“I feel like we're living in such a dark era, where there's so many blaming fingers and people not taking responsibility for their actions and they're just angry,” says the actress. “I think it’s something so refreshing to surround yourself in and hear and see stories that are driven by good, and goodwill.”
She’s right. Our takeaway is that people reaching out to make a difference has a multiplying effect. Clearly, that’s what this executive producer hopes will happen.
These women that come from very, very problematic backgrounds – whether it's discrimination or natural disasters – and whatever it might be, they don't let it put them down. They actually use the pain they're struggling with and make it into something positive.
“You see these women that come from very, very problematic backgrounds — whether it's discrimination or natural disasters — and whatever it might be, they don't let it put them down,” she says. “They actually use the pain they're struggling with and make it into something positive. And that can affect other people.” Going forward with the series, she says they’re talking now about having a “charitable system” set up around it to help these women “maintain the good they do.”
Just being around Gadot, even on a Zoom screen, is uplifting. When I mentioned to Gal that I watched the series with my wife, the actress said, “Well, where is she? Don’t hide her!” So Therese joined in and we got a chance to exchange smiles and greet Wonder Woman together.
Women have a special place in healing. But future men are important, too. “It all starts from education. That's why I'm so happy that small girls watched Wonder Woman and were inspired by her character. But it's also so important for the little boys to go and see a strong woman that can do amazing things that they can admire.”
One of her biggest personal struggles as an actress early on was “getting pay equal to my male co-stars.” Yet she yearns for a day where gender “is not an issue anymore and I'm not being asked solely about the women or the men and how I'm being discriminated against, but it's equal.”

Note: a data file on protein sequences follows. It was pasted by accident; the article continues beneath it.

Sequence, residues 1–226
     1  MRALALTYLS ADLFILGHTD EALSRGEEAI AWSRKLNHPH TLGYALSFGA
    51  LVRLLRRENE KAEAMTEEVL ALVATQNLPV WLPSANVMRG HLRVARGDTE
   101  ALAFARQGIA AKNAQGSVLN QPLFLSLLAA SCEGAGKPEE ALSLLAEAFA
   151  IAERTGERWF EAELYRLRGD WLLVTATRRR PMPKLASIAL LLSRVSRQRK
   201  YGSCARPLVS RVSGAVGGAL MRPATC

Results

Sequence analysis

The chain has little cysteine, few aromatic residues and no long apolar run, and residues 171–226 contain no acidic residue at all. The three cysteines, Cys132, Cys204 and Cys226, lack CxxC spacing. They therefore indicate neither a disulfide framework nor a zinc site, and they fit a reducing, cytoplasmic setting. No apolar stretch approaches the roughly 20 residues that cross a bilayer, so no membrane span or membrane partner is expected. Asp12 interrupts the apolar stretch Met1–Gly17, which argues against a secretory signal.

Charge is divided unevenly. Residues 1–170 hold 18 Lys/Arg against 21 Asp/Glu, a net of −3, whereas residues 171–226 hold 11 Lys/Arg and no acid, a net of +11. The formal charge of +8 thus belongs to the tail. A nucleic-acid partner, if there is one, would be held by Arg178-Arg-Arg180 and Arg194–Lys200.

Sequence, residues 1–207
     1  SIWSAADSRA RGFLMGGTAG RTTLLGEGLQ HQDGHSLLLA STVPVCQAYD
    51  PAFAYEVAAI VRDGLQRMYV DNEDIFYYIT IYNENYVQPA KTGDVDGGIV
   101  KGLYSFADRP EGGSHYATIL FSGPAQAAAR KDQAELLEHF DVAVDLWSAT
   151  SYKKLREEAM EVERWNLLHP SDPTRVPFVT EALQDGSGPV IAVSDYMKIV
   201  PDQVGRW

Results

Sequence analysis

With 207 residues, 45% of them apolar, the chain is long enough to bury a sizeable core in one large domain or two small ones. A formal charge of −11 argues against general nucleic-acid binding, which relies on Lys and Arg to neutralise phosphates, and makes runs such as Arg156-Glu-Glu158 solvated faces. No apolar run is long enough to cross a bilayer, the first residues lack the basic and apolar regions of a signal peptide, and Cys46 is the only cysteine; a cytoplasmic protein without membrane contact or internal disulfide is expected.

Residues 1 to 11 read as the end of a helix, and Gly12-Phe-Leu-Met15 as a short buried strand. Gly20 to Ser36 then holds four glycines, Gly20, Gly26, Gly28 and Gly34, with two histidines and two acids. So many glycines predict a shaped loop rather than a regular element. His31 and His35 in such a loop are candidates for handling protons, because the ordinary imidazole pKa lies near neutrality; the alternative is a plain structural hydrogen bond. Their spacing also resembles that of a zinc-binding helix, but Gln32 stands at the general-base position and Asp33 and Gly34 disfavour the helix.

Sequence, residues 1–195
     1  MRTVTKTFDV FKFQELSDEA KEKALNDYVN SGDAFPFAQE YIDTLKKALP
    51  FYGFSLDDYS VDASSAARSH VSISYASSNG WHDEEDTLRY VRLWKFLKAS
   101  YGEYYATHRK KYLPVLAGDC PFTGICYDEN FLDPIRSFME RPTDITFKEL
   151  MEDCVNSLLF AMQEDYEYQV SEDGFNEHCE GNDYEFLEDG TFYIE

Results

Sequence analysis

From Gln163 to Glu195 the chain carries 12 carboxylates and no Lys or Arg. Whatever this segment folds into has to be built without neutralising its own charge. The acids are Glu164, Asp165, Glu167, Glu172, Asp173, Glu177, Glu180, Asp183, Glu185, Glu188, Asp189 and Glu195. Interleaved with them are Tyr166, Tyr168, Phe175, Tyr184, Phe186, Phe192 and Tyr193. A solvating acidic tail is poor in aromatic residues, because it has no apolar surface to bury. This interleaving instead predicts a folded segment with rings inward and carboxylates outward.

Having played Wonder Women, we naturally asked about her real-life mentors and role models. It’s a long list — everyone from her grandma and her mom (a teacher who “raised both me and my sister to be confident and love ourselves and dream and dare”) to Maya Angelou (“I was obsessed with her”), Madonna (“she broke so many glass ceilings”), to political figures Hillary Clinton, Michelle Obama
and Angela Merkel.
Asked about whom she’s mentored in her own life, she grows humble: “Well, it's hard to say because, in Hebrew, there's a saying: you can’t say good things about yourself. So I'll be very general. I can tell you that I'm a people lover — I love people. I love human beings. I always assume the best out of people. And I'm such a girl’s girl,” she says with a smile. “So, in my DNA, in my default in my career, whenever I have the opportunity to give a good tip or to give some advice, or to help out or pull someone up with me, I always do that. But I just feel uncomfortable, you know, patting myself on the back.”
That’s okay, Gal. We’ll do it for you.
“National Geographic Presents: Impact with Gal Gadot” premieres Monday, April 26 on National Geographic’s YouTube channel. The documentary short series will first release digitally (weekly) and then culminate in a feature-length documentary special to premiere on National Geographic channel on June 24, before airing globally in 142 countries and 43 languages.